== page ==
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Episode 228: John Scalzi and Alisa Krasnostein

scalzi.jpgWith Swancon 40, the 2015 Australian National Science Fiction Convention, in full swing Jonathan sat down with convention guest of honour John Scalzi and Twelfth Planet Press editor/publisher Alisa Krasnostein to discuss science fiction, community, Robert Heinlein, having just finished new novel The End of All Things and more!

As always, we'd like to thank John and Alisa for appearing on the podcast. John's next novel, The End of All Things, is out for preorder and you can support the Pozible campaign for Alisa's new project Defying Doomsday here. 
We hope you enjoy the episode!
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Episode 227: Ken Liu, Joe Monti and The Grace of Kings

graceofkings.jpgThis week Gary* is joined by award-winning author Ken Liu and Joe Monti, Executive Editor at Saga Press, to discuss Ken's exciting debut novel The Grace of Kings, his forthcoming collection The Paper Menagerie, and much more.

As always we'd like to thank Ken and Joe for making the time to talk to us. And we hope you enjoy the podcast!
The Grace of Kings is in stores next week.
* Jonathan missed this episode due to illness.
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Episode 226: Silvia Moreno-Garcia and Signal to Noise

Signal to Noise, Silvia Moreno-GarciaThis weekend Silvia Moreno-Garcia joins us to talk about her debut fantasy novel, Signal to Noise.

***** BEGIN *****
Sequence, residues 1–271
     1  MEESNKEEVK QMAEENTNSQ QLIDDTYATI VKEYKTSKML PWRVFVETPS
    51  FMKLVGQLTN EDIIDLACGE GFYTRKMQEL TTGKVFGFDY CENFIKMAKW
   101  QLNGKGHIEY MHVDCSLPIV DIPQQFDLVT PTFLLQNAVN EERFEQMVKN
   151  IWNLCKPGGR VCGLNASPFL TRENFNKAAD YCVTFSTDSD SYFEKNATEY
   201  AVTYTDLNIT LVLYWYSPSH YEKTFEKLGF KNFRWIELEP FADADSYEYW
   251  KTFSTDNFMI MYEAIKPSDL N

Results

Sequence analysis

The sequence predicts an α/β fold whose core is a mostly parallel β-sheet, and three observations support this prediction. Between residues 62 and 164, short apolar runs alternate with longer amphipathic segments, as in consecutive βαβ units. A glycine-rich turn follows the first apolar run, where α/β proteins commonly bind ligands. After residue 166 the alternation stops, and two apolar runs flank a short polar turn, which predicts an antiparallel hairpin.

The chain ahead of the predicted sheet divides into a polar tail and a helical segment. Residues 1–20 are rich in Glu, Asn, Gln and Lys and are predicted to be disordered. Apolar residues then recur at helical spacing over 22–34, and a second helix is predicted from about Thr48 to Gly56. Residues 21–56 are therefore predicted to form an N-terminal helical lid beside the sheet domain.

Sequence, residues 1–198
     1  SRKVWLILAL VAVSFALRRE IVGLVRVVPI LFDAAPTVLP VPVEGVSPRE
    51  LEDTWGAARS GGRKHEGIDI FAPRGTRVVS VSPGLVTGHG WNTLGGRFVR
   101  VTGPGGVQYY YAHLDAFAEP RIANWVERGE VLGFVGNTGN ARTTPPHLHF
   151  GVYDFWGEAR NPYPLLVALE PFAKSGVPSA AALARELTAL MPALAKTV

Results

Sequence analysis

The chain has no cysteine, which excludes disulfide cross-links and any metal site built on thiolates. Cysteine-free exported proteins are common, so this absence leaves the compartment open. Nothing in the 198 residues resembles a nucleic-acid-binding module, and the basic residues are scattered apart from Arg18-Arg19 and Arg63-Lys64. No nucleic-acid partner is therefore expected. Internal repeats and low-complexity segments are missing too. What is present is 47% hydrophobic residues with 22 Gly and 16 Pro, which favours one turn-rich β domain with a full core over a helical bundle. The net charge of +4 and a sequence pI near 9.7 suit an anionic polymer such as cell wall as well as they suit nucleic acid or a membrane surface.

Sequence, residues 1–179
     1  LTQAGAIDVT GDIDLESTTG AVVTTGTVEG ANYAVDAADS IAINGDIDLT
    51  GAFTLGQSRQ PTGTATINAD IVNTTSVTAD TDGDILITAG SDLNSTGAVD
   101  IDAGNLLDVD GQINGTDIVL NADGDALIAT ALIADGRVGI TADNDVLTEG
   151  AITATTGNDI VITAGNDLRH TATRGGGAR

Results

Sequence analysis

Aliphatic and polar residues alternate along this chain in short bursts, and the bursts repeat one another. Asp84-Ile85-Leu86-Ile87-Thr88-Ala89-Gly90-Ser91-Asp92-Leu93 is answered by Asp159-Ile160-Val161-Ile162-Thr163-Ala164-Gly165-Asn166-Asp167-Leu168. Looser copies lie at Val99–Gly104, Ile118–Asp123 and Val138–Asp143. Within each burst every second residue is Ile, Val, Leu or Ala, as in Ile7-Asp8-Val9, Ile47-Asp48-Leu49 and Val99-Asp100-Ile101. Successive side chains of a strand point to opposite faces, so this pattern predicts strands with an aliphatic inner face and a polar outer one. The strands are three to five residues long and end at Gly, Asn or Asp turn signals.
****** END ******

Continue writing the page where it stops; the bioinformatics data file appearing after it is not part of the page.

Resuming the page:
Described in an upcoming issue of Locus as “one of the most important fantasy debuts of the year”, it’s an engaging and compelling story of a woman returning to her family home in Mexico for her father’s funeral, and of a time in her teens when she discovered that the right music played just the right way could change the world. 

It may be that we grew up at the right time, it may be that Meche’s past overlapped mine in just the right way, but we loved this gentle, moving book quite a bit.

If you have any interest in fantasy and music, then we think Signal to Noise is for you. It’s the best genre book about music that Jonathan has read since Lewis Shiner’s Glimpses


The publisher describes the book like this:
A literary fantasy about love, music and sorcery, set against the background of Mexico City.

Mexico City, 1988: Long before iTunes or MP3s, you said “I love you” with a mixtape. Meche, awkward and fifteen, has two equally unhip friends -- Sebastian and Daniela -- and a whole lot of vinyl records to keep her company. When she discovers how to cast spells using music, the future looks brighter for the trio. With help from this newfound magic, the three friends will piece together their broken families, change their status as non-entities, and maybe even find love...

Mexico City, 2009: Two decades after abandoning the metropolis, Meche returns for her estranged father’s funeral. It’s hard enough to cope with her family, but then she runs into Sebastian, and it revives memories from her childhood she thought she buried a long time ago. What really happened back then? What precipitated the bitter falling out with her father? And, is there any magic left?

Silvia was a terrific guest and the conversation we recorded talks about the book in an interesting way that really complements reading the book. Consider picking up a copy of Silvia’s book. It’s Coode Street Recommended.

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Coode Street - Tshirts

A quick reminder, should you be interested, that we do have Coode Street merchandise! T-shirts. Lovingly designed, criminally undersold, these wonderful designs with original Coode St logos, attractive layout, and witty sayings could be yours.  Pretty much entirely non-profit, we nonethless commend them to the keen Coode Street listener.  

You can check out and order Coode Street t-shirts here.
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Episode 225: Biancotti, Lanagan, Westerfeld and Zeroes